The message was resoundingly clear: Fergie is still The Man as far as the press are concerned.  Reports of Moyes’ early press conference at Old Trafford leaned heavily upon comments such as “Fergie would have approved of Moyes’ flash of temper”, “Moyes displayed a Fergie-like tenacity” and so on and so forth.  There are clear indications that every word Moyes utters, every decision he takes, will be viewed in the light of “what S’ralex would have said/done” – and clearly, this is bad news for anyone wanting to to make the job his own and do it his own way.

It might even be interesting to speculate on whether Moyes would perhaps quite like to be portrayed in a different light to that which has shone on the Man U manager this past 27 years.  Moyes seems a sensible and modest chap after all, any similarity to his predecessor appearing limited to the accent and the obsession with the game.  A departure from the arrogance and overbearing nature that has characterised the club during Fergie’s reign might be welcome to such a relatively pleasant bloke, but it appears unlikely to be allowed judging by the tone of some of the press quotes from this preparatory phase of the season.

We are given to understand, for instance, that late last season Moyes was honoured with a personal visit to his home from The Fergie Himself.  “I thought he’d come to tell me he was taking one of my players”, said the ex-Goodison boss, to an unheard and incredulous chorus of “What the hell…?” from Evertonians everywhere.  So this is how the Old Trafford club have been used to operating in the transfer market?  Hmmmm.  But instead of airily notifying a “lesser club” of an impending transfer swoop, Fergie was there to tell Moyes he was the next Man U boss.  Not ask, tell.  Moyes’ eager compliance was taken as read.  The Man U brand of arrogance, it seems, will take more than a change of manager to eradicate.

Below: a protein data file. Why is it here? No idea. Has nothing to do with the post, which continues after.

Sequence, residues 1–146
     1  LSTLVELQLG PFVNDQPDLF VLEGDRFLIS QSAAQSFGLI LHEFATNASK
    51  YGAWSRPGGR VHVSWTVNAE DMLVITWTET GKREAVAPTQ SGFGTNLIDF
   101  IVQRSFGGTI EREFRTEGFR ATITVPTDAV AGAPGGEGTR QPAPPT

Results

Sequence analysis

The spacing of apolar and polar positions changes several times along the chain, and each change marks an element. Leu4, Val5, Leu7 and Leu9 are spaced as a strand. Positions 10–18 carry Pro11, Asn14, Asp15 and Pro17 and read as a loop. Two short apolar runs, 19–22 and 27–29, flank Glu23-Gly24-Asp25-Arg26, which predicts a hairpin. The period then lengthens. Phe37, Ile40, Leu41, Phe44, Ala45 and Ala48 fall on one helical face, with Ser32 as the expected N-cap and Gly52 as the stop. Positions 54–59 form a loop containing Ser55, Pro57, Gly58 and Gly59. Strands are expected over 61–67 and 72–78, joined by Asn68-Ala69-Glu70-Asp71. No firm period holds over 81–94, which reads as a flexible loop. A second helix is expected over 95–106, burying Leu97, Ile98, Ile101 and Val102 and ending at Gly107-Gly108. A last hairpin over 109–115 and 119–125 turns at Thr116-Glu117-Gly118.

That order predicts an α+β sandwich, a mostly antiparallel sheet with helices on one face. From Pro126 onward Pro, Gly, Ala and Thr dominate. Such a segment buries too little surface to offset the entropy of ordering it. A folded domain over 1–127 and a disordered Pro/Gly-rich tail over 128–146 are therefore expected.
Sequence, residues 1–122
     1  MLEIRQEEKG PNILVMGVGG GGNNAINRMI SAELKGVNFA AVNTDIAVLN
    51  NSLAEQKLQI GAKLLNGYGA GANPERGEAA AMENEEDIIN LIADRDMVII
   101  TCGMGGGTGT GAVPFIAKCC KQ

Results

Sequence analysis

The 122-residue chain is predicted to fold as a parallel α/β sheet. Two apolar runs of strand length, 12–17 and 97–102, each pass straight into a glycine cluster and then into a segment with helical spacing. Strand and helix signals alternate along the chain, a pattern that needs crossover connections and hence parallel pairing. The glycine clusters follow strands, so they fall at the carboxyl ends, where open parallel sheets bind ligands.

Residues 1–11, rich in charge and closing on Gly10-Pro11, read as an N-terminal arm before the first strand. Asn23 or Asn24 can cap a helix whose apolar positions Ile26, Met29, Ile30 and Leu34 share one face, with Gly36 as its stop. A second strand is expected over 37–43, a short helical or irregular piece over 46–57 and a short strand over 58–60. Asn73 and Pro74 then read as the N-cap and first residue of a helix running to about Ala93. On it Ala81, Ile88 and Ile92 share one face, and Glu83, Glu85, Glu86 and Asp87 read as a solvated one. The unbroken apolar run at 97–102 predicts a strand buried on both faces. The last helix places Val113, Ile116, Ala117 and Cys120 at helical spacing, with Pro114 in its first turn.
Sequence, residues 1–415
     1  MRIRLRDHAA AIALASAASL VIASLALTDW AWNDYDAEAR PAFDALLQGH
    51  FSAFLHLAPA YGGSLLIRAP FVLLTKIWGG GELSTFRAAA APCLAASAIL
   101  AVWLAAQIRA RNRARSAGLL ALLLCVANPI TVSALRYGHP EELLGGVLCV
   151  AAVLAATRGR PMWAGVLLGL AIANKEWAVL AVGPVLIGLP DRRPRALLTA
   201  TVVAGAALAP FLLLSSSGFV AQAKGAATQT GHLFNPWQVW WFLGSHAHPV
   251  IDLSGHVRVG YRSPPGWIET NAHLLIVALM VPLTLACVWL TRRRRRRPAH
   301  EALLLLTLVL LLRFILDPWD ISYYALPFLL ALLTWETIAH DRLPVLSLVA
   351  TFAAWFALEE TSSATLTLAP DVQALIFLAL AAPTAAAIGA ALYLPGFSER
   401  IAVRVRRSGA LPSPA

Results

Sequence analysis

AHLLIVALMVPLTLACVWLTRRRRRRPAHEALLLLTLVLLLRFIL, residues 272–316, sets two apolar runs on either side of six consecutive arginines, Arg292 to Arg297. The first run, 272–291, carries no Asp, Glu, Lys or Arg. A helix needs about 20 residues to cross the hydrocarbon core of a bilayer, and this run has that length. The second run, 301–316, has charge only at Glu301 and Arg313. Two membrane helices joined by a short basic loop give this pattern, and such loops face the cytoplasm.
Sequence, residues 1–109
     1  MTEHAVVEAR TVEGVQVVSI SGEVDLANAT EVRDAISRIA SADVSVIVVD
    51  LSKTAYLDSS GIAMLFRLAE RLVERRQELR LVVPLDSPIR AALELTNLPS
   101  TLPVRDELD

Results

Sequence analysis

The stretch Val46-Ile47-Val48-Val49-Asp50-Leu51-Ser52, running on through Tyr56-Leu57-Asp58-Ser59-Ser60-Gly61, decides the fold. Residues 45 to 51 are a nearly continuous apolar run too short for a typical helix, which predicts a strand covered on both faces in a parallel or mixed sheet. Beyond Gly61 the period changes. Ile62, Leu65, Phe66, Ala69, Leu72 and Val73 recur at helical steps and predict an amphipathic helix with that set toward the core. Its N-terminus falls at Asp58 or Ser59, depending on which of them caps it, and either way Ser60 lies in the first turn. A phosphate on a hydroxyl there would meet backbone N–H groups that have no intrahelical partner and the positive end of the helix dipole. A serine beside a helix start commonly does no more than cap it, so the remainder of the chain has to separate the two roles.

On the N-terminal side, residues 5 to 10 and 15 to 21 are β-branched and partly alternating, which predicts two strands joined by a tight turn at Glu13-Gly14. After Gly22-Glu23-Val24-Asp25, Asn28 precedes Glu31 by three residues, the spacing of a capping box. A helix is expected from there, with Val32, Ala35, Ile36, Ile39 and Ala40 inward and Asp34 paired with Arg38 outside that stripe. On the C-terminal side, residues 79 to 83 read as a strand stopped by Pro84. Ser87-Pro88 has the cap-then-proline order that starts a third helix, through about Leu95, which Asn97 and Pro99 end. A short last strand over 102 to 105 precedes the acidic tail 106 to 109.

I’m not particularly worried about the prospect of Man U being less successful in the next few years, and of some of their legions of fans being seduced to supporting clubs closer to home, such as Torquay or Spurs or Nagoya Grampus Eight.  I’d be quite happy with that; I have no love of the Trafford-based franchise or the way it operates.  But I am slightly concerned for Moyes himself, who seems a decent cove, and who I can see going the same way as McGuinness went; a proper football man crushed by the weight of recent history and cowed by the long shadow of his immediate predecessor.  For Moyes’ sake, I hope that doesn’t come about, but all the signs are already there that it might.  Only Fergie himself can decide to remain in the background, the media are far too much in love with the myth they have created to let him go easily.

Perhaps, though, Fergie will actually do the decent thing?  I somehow doubt it.

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Masterblaster Yeboah’s Best Goal for Leeds United

Yeboah Almighty

Yeboah Almighty

Mention the name Tony Yeboah to any Leeds fan – in fact to any football fan with a memory long enough to stretch way back to the mid-nineties, and you can bet that a faraway look will come into their eyes, and they’ll say “Ah, yes – that incredible goal against Liverpool.  Goal of the season, that.”  It’d be difficult to find anyone to argue the point.  But as a fanatical Leeds United fan who has a very special place in his Hero File for Anthony Yeboah, I’m going to try.

The Liverpool goal certainly was a brilliant technical piece of finishing; volleys from outside the box against a class goalkeeper invariably have to be.  At Leeds over the years, we’ve been lucky enough to see a fair few of these bazookas, and Yeboah’s late effort against the Anfield men stands comparison with any of them.  The fact of the goal being at the Kop End of Elland road was of some assistance to the spectacle, but any way you look at it, this was a hell of a strike.  It wasn’t the first goal of this type in front of the Leeds Kop and against the Reds though.  A few years before, Gary MacAllister, a future Anfield hero, scored another fizzer, the ball being played to him in mid air from the left; he let it go across his body before wrapping his right foot round it to thunderous effect, the ball scorching into the net before the ‘keeper (the same David James beaten by Yeboah) could even move.